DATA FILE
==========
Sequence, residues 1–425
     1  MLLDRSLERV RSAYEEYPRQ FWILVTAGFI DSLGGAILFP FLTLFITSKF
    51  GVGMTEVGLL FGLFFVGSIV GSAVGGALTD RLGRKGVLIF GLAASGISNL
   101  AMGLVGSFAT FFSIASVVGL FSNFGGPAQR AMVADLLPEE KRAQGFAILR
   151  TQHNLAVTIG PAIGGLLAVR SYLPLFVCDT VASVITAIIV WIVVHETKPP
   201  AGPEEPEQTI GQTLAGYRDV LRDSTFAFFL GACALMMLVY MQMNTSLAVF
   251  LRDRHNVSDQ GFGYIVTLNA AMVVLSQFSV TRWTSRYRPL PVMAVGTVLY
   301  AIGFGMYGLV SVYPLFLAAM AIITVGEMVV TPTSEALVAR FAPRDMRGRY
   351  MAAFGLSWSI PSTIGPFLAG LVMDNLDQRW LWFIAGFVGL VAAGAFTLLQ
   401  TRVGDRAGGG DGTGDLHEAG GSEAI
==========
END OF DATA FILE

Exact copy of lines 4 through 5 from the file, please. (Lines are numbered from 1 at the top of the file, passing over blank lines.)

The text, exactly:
   101  AMGLVGSFAT FFSIASVVGL FSNFGGPAQR AMVADLLPEE KRAQGFAILR
   151  TQHNLAVTIG PAIGGLLAVR SYLPLFVCDT VASVITAIIV WIVVHETKPP